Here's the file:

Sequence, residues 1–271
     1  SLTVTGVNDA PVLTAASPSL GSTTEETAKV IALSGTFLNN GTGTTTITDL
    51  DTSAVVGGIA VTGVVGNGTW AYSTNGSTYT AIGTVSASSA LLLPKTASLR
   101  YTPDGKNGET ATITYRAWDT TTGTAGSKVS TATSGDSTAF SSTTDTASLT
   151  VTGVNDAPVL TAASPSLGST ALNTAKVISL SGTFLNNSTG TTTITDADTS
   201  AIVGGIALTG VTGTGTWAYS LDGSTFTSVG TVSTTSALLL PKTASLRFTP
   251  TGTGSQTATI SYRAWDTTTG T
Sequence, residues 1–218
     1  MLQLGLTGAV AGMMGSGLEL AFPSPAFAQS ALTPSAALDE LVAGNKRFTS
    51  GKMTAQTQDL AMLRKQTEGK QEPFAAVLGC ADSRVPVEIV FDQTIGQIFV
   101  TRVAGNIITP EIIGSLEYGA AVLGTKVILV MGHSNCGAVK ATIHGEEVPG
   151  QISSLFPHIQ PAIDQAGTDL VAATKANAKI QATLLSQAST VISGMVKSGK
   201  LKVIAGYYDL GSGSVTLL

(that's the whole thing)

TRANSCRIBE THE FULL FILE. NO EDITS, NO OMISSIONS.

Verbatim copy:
Sequence, residues 1–271
     1  SLTVTGVNDA PVLTAASPSL GSTTEETAKV IALSGTFLNN GTGTTTITDL
    51  DTSAVVGGIA VTGVVGNGTW AYSTNGSTYT AIGTVSASSA LLLPKTASLR
   101  YTPDGKNGET ATITYRAWDT TTGTAGSKVS TATSGDSTAF SSTTDTASLT
   151  VTGVNDAPVL TAASPSLGST ALNTAKVISL SGTFLNNSTG TTTITDADTS
   201  AIVGGIALTG VTGTGTWAYS LDGSTFTSVG TVSTTSALLL PKTASLRFTP
   251  TGTGSQTATI SYRAWDTTTG T
Sequence, residues 1–218
     1  MLQLGLTGAV AGMMGSGLEL AFPSPAFAQS ALTPSAALDE LVAGNKRFTS
    51  GKMTAQTQDL AMLRKQTEGK QEPFAAVLGC ADSRVPVEIV FDQTIGQIFV
   101  TRVAGNIITP EIIGSLEYGA AVLGTKVILV MGHSNCGAVK ATIHGEEVPG
   151  QISSLFPHIQ PAIDQAGTDL VAATKANAKI QATLLSQAST VISGMVKSGK
   201  LKVIAGYYDL GSGSVTLL